Mount St. Helens: The big blast was 33 years ago today

Mount St. Helens explodes
On the morning May 18, 1980, Keith Stoffel, then a DNR employee, took this photo while on a sightseeing flight over Mount St. Helens. It is the only known image of the initial eruption. Photo: Keith Stoffel (c) 2010.

The explosion of Mount St. Helens on May 18, 1980, produced a powerful blast that destroyed 230 square miles of national, state and private forest, and took 57 lives. Some of those who died from powerful shock waves and clouds of hot ash and superheated gases were several miles away. Others drowned when  lahars — mud flows — spilled down local valleys and river beds.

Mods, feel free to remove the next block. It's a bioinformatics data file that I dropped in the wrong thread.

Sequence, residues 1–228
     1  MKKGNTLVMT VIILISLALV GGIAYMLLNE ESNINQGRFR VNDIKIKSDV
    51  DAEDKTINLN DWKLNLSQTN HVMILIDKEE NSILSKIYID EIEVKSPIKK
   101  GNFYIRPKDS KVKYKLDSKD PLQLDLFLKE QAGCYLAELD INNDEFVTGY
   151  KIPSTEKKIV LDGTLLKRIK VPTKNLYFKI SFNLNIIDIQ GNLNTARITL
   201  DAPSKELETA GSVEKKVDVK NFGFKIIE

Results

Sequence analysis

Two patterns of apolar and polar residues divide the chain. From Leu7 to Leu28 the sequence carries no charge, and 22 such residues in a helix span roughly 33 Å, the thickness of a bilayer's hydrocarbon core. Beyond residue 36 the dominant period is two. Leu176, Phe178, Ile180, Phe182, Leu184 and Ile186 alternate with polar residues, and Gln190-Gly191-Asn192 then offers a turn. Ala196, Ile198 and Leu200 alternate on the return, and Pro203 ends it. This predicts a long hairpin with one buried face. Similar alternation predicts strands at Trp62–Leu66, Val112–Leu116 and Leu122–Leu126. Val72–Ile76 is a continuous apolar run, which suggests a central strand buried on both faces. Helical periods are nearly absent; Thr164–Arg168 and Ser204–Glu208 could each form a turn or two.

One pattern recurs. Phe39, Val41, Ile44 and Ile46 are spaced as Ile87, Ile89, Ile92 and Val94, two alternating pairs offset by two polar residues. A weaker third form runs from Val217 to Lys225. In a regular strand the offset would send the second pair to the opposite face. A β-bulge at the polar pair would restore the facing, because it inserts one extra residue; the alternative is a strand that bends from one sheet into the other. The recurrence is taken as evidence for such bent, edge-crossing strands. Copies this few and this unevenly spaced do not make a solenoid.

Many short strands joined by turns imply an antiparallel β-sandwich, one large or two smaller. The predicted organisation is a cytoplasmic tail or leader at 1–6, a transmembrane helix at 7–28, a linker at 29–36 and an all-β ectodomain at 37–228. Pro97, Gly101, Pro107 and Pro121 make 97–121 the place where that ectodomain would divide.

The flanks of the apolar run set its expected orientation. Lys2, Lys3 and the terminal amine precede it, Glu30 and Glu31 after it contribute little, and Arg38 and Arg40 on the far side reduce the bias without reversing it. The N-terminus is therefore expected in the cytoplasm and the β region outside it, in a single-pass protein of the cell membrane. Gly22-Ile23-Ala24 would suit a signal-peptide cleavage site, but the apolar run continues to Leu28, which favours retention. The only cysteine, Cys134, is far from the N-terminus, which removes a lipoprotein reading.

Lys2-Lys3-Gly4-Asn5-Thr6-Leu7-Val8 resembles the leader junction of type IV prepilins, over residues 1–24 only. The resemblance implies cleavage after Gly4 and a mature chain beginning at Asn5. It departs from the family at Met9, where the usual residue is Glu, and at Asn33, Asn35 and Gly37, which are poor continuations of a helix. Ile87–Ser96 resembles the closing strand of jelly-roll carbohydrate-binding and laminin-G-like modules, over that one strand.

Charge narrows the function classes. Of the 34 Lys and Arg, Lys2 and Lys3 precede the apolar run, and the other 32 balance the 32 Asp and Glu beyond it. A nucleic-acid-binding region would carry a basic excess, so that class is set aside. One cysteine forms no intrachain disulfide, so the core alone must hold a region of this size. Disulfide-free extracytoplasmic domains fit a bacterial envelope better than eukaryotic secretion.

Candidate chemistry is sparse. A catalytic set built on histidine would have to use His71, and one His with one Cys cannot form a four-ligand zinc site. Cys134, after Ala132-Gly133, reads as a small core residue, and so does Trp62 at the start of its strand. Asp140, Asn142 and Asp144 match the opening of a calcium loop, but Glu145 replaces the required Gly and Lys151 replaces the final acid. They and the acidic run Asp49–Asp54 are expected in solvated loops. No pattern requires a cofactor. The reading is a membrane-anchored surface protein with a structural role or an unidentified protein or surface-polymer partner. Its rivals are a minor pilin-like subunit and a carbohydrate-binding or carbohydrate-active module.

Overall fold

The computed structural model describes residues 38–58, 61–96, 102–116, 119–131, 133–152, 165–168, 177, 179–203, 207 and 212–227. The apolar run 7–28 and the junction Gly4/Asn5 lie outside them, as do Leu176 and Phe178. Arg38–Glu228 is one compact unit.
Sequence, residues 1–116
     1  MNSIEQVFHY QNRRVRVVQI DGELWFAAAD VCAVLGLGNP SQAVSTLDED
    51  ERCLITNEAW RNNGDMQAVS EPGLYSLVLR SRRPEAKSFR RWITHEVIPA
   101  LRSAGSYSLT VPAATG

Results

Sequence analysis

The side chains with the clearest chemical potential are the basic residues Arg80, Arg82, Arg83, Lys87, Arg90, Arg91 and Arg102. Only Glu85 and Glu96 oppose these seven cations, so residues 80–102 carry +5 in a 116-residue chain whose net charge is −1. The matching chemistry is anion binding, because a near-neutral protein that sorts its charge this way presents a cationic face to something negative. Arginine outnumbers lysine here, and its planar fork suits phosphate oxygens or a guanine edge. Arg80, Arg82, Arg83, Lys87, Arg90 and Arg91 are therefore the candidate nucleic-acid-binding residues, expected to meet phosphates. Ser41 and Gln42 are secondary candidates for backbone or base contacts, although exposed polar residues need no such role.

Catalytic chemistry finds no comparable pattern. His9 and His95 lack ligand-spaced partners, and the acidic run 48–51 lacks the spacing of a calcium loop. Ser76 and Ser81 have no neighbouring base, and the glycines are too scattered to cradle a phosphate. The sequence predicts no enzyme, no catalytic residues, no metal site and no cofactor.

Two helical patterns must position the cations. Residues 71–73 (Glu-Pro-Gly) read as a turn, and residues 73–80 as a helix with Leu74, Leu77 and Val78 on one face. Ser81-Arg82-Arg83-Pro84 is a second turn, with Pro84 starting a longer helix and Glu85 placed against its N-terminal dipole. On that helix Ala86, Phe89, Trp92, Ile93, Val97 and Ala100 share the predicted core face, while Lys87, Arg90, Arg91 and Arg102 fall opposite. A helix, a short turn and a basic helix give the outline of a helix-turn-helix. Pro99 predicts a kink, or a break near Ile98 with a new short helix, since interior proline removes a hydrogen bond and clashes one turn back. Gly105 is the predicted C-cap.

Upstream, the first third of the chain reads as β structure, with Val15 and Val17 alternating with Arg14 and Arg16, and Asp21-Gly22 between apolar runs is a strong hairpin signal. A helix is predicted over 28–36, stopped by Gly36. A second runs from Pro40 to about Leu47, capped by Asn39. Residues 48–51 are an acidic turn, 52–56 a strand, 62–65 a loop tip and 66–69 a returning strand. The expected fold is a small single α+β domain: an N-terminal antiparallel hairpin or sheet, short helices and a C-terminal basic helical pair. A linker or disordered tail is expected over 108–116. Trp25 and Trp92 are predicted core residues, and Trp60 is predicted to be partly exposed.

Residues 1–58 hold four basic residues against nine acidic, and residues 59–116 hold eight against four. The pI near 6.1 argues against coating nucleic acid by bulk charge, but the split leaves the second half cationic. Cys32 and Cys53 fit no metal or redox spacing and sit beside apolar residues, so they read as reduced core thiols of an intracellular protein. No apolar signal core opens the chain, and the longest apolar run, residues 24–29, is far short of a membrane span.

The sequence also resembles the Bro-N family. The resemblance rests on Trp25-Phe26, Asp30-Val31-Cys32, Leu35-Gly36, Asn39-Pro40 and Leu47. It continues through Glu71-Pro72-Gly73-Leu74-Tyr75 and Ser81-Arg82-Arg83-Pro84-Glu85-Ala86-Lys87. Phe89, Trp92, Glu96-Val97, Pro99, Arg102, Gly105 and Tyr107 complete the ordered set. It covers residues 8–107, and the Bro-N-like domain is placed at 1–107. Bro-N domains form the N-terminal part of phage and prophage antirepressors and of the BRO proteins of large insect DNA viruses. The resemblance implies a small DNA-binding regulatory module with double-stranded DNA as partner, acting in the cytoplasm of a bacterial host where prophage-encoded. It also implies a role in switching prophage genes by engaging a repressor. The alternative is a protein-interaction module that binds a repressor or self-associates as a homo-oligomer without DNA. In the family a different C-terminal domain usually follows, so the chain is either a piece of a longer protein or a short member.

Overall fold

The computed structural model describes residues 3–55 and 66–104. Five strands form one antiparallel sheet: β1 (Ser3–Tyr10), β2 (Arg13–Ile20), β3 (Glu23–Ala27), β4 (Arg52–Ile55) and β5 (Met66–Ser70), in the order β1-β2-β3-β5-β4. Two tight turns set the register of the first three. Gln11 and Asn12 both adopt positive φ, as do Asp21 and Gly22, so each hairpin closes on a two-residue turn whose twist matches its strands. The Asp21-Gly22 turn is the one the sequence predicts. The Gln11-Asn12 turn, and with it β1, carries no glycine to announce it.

Today, a 110,000-acre area around the mountain is a National Volcanic Monument. The mountain has been a lot quieter since the events of May 18, 1980; several steam eruptions occurred in 2004, but caused no injuries or deaths.

DNR’s Geology and Earth Resources Division works with the U.S. Geological Survey and other agencies to monitor Mount St. Helens and the other active volcanoes in Washington State.

Read more about Keith Stoffel’s narrow escape from the mountain’s blast after snapping today’s photo, and learn more about the eruption on our Mount St. Helens information page.

More photos of Mount St. Helens are on the DNR Flickr page.

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